San Francisco and the nearby Silicon Valley have already proven the value of attracting world-class software talent. Now the City of San Francisco wants that talent to turn its attention to smart city projects.
One way to attract entrepreneurs is with venture money. Although San Francisco isn't offering any funding as part of the program described below, it is close to the biggest venture capital hot spot in the world. But another way to get entrepreneurs salivating is to offer them a "springboard market" -- a nearby local market that can act as a test bed and proof of concept before scaling up to the rest of the world.
That's what San Francisco is putting into place for smart city developers. So is London, with Amsterdam, Boston, Chicago, Singapore and New York not too far behind. Is your city doing anything to attract the entrepreneurs who can build the apps to improve city conditions while also bringing in jobs? Or will you stand by as those entrepreneurs migrate to the cities mentioned above? -- Jesse Berst
San Francisco Mayor's Office -- In Collaboration with the White House -- Launches Initiative to Attract Entrepreneurs to the $142 Billion Public Sector Market
Mayor Edwin M. Lee invites entrepreneurs to develop technology-enabled products and services for government, the largest consumer of products and services in the nation
SAN FRANCISCO, Sept. 10, 2013 /PRNewswire/ -- Mayor Edwin M. Lee, in collaboration with the White House and other strategic partners such as Fuse Corps, announced last Friday San Francisco's Entrepreneurship-in-Residence (EIR) program.
"We need the top entrepreneurs to work with us on opportunities that are actual pain points and needs of government. San Francisco's EIR program advances our role and vision as the Innovation Capital of the World," said Mayor Ed Lee.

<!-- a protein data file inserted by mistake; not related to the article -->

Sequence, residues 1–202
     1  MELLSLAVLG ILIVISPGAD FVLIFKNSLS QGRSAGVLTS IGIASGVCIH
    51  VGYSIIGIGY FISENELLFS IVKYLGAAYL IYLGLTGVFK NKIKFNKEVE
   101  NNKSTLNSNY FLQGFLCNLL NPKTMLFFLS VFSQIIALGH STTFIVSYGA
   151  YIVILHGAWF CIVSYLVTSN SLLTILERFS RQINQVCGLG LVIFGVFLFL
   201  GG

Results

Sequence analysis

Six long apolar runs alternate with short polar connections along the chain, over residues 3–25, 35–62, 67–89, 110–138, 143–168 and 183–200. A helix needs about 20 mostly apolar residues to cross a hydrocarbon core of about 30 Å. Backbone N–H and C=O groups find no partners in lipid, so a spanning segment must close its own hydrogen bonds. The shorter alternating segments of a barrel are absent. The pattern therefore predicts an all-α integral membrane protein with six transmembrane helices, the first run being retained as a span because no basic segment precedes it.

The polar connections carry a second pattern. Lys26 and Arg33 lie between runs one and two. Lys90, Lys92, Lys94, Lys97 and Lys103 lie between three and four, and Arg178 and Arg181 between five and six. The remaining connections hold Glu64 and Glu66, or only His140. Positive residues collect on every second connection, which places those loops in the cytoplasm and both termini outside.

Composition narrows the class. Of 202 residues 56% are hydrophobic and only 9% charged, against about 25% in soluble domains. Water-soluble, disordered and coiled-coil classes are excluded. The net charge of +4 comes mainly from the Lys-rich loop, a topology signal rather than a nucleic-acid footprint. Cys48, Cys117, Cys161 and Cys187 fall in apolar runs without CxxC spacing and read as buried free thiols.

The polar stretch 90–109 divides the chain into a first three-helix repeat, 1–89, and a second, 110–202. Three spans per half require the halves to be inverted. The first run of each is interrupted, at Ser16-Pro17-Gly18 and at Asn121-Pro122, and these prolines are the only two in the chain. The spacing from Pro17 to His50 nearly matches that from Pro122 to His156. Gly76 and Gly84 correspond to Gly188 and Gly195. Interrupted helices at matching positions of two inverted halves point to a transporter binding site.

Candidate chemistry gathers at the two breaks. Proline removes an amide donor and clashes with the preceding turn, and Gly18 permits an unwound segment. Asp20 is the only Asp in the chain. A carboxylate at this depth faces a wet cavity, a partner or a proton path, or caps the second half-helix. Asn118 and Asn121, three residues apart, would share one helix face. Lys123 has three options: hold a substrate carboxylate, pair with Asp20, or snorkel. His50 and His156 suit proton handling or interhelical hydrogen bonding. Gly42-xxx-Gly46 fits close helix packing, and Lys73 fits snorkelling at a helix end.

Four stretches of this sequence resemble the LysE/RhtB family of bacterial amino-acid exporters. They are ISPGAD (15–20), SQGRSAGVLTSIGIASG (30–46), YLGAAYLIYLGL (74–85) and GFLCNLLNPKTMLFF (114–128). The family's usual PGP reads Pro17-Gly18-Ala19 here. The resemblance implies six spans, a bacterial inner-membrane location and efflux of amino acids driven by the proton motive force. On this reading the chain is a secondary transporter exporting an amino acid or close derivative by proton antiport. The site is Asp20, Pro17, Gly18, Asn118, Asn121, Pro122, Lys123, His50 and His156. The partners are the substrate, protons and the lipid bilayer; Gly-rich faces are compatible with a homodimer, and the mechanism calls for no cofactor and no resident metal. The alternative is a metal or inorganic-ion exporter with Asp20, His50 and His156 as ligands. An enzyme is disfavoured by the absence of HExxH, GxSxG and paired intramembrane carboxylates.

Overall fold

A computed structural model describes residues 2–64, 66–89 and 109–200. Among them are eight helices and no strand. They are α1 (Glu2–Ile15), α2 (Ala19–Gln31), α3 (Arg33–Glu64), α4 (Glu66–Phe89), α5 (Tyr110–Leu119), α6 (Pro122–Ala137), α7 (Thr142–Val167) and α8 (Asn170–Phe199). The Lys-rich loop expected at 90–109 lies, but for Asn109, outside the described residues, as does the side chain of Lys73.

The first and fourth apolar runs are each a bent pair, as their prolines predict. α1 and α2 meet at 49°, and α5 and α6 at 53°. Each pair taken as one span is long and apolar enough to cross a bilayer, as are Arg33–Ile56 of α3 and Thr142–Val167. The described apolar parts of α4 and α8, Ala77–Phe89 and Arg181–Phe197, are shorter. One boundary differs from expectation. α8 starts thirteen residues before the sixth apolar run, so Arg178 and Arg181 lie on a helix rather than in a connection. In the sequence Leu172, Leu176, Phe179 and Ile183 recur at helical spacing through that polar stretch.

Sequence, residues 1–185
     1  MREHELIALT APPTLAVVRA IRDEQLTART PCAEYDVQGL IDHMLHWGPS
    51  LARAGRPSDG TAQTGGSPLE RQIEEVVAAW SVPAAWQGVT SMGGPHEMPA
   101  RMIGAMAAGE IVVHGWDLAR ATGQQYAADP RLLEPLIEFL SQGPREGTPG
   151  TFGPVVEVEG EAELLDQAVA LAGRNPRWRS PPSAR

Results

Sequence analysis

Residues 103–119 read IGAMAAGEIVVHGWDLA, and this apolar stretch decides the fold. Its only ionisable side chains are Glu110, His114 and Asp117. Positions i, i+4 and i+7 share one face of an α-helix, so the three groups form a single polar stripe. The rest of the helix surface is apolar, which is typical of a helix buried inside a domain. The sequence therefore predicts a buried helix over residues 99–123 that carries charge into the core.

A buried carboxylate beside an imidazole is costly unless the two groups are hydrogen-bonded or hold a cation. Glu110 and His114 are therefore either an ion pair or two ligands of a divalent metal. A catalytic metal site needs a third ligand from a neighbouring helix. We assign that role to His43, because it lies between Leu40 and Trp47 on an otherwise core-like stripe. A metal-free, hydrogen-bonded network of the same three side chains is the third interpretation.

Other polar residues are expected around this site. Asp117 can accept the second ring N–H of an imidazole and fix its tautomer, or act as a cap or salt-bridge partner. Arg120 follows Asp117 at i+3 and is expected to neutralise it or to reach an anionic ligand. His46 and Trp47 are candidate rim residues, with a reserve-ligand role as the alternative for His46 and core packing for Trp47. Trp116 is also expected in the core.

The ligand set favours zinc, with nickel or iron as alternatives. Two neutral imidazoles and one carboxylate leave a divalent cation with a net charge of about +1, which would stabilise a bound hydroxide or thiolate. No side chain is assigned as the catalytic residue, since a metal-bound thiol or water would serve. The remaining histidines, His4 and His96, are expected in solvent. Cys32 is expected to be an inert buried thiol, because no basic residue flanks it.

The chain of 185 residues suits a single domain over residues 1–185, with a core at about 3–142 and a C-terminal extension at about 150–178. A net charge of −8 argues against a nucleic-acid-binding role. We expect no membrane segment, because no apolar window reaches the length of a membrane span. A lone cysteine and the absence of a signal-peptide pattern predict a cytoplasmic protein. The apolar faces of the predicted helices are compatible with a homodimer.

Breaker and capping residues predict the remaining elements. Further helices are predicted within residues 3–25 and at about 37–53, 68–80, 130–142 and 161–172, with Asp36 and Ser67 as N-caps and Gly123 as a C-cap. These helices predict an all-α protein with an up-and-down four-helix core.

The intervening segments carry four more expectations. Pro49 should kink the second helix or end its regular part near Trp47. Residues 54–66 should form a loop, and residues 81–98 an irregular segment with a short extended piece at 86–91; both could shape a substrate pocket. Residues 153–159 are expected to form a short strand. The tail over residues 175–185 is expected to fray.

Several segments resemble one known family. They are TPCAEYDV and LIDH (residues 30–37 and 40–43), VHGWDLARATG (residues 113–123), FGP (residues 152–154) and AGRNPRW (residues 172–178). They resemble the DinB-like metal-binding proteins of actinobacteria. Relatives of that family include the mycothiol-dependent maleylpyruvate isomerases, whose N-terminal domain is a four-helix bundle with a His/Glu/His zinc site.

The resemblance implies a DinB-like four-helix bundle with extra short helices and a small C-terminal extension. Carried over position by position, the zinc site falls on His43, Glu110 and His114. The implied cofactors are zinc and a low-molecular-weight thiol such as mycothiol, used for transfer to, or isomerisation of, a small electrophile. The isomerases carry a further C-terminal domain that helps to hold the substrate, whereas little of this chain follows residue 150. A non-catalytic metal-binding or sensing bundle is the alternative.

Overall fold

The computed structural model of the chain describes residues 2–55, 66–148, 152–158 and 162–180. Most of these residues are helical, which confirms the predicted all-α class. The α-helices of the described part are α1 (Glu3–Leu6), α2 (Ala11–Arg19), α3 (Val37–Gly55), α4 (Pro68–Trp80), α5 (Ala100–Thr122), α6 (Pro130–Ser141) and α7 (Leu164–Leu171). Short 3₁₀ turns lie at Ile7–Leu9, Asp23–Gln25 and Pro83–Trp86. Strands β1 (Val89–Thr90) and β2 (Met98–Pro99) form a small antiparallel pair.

The program is inspired by President Obama's call, "We've got to have the brightest minds to help solve our biggest challenges." San Francisco's EIR program will select talented entrepreneurial teams and help them develop technology-enabled products and services that can capitalize on the $142 billion public sector market.
"Products and services that successfully solve issues faced by San Francisco can easily expand to addressing similar needs of other cities and states across the nation in addition to the private sector," said Rahul Mewawalla, a senior executive with Nokia, NBC, GE, Comcast and Yahoo! and Fuse Corps executive fellow, who is leading the program. "We expect to drive significant innovation and growth in areas of pressing importance such as data, mobile and cloud services, healthcare, education, transportation, energy and infrastructure."
The program plans to attract world-class entrepreneurs and technologists by providing them with direct access to government needs and opportunities, staff and their expertise, in addition to product development, ramp-up support, and insights into a gold mine of government problems and opportunities through the City and County of San Francisco.
"San Francisco's program is one of the first EIR programs within government, which is, by far, the largest customer of products and services in the nation," commented Jay Nath, San Francisco's Chief Innovation Officer. "The entrepreneurial products and services developed through San Francisco's EIR program should drive significant impact such as increased revenue, enhanced productivity or meaningful cost savings."
San Francisco's EIR program will offer selected teams mentorship from senior public leaders across the Mayor's office and San Francisco departments and from private sector leaders with experience at companies such as McKinsey & Company, General Electric, Yahoo!, Nokia, NBC Universal, and Goldman Sachs.
The program expects to select 3 to 5 teams and announce the selected teams in early October, during San Francisco's Innovation Month. The program will run 16 weeks from mid-October, 2013 through mid-February, 2014. Entrepreneurial teams are invited to learn more and apply at https://startupinresidence.org/